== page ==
Jst, a question for you that is off topic. Is this how you feel?
"Being a Christian, I've made my decision. That decision offers no compromise; therefore, I'm closed to anything else."
Taken from Aaron123's sig.
I've thought about his long and hard. Firstly I am not a Christian but I am a believer. To me that means I'm more of a listener than a doer. It's not like I'm some evil maniac but there are many things I should do better if I want to claim to be a Christian.
And it may mean the same thing but I would word things differently than the quote. For me to deny God's existance would be no easier than denying my wife's existance unless I really am just off the wall crazy. If I am crazy then I definately want to know. So I guess there is some room for error. It is hard to shake off personal experiences if you are the one that has them however.
Those things are quite simple to explain. "Golden age" is another way of expressing rose-tinted nogalistic for the past, without considering how things actually were. We see this today with the fondness of the "good-old days" of the 1950s, where everything was sunshines, prayers were in school, children respected their parents, didn't get pregnant, and jobs were easy to come by. This ignores the negative aspects of the time period, ignores that not everyone liked prayers in school, not everyone respected their parents (or that not every parents deserved respect), some teenagers did get pregnant, and not everyone had jobs.
Yes this does happen. However these do still have a grain of truth. Where is the generation of children that called everyone sir and ma'am? Each generation seems to push their limits a little bit further.
I'm not familar with other religions having a "fall of man" idea. Examples?
Ancient Greek mythology held that humanity was immortal during the Golden Age. When Prometheus gave the gift of fire to mankind, helping them live through times of cold weather, the gods were angered. They gave Pandora a box and told her not to open it, knowing full well that her curiosity would get the better of her. When she opened the box, she released evil (death, sorrow, plague) into the world due to her curiosity.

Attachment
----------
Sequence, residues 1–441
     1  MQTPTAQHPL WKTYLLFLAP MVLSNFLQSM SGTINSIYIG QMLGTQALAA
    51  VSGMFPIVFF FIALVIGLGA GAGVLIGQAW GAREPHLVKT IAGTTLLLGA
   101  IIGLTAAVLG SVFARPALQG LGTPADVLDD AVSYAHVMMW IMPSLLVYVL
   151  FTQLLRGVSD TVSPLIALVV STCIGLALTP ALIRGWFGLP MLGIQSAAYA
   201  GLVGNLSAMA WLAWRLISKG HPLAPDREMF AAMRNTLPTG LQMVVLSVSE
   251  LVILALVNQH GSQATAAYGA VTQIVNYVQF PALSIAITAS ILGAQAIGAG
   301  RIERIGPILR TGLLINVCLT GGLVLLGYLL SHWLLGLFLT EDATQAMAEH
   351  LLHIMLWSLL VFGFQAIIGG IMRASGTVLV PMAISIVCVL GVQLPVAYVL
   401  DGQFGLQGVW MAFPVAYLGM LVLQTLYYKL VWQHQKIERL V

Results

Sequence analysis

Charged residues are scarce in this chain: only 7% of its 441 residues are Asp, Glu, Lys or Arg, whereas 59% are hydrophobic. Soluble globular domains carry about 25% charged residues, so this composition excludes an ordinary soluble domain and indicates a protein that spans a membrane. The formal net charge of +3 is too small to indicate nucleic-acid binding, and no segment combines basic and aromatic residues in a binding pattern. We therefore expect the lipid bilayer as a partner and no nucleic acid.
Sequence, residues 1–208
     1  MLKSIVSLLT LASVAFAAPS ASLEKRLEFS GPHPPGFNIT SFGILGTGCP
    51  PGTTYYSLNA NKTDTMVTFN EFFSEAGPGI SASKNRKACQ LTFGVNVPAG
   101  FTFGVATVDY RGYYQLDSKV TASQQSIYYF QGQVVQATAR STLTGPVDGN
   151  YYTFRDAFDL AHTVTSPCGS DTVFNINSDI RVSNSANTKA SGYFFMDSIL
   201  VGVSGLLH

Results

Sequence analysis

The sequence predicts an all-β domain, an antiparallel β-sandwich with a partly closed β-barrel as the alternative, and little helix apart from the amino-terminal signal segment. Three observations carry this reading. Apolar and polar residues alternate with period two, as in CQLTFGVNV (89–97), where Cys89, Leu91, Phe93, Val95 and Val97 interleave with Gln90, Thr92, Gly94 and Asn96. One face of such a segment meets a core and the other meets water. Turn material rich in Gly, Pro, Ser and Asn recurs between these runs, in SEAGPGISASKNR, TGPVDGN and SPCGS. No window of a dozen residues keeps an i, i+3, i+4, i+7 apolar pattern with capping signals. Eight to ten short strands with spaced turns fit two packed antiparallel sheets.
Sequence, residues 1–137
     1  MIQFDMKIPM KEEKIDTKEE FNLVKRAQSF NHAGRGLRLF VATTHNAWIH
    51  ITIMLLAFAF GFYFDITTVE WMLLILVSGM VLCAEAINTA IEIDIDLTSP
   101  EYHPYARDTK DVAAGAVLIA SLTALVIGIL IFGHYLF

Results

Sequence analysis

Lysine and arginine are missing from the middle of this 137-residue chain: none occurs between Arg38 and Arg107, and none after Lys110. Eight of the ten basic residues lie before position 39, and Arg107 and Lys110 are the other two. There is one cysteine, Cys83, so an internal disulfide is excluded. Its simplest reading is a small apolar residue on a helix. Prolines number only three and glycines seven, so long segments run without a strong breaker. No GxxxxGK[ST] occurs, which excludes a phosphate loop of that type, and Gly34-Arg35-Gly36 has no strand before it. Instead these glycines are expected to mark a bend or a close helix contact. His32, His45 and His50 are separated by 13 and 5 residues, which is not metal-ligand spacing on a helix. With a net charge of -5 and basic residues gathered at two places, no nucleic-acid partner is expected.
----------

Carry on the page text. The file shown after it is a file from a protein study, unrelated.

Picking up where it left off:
Pandora's box could be compared to the tree of the knowledge of good and evil.
Flood stories are very common among ancient cultures because people tended to settle along the coastline. Floods tend to happen alongside the coastline, so naturally, people experienced floods fairly often.
Being so familiar with floods, something out of the ordinary would have to occured for them to have stories of a fantastic flood.
So there is no physical evidence for god? Then what makes the claim for god any different than claiming Star Wars is a histortical document?
This is another of those things that it depends on who you ask. Some say there is none. Others say the entire universe is physical evidence. And neither side can absolutely rule the other out, and barring some obviously divine intervention I don't think they ever can. Even scientists are left with deciding which one that think is most likely true.
The question is, what is that kernel? Is it pointing to real gods, or to a social phenomenon?
Well this I don't know. And I don't know of any way to know for certain.
As for those common themes, in typical loose-cannon fashion My Norse ancestors turned them all ass-backwards. We had no Golden Age in our past. We started with a war (the Æsir vs. the Vanir) and then calmed down a bit, until the fire giants (not a flood) wrecked the joint and killed everyone, even the gods. (To complicate things just a bit, in My family's personal mythology Ragnarök is a past event, and now we're in the Golden Age.)
It seems obvious people were highly superstitious although I don't understand why considering they were obviously highly intelligent. It is easy to say they just made things up to explain things they didn't understand but who does that? There are things I can't explain but I don't just make up lies. I don't think it should be assumed that all of them did either.
Not necessarily a conspiracy, per se. Formalized religion could just be a holdover from earlier tribal sociopolitical structures, possibly driven by the agricultural revolution in the Mesopotamian area (and necessitated by the need to control a growing and increasingly urbanized population), and also facilitated by the invention of writing.
Are you saying the rulers made it up to control their populations? Isn't that the epitome of conspiricy theories?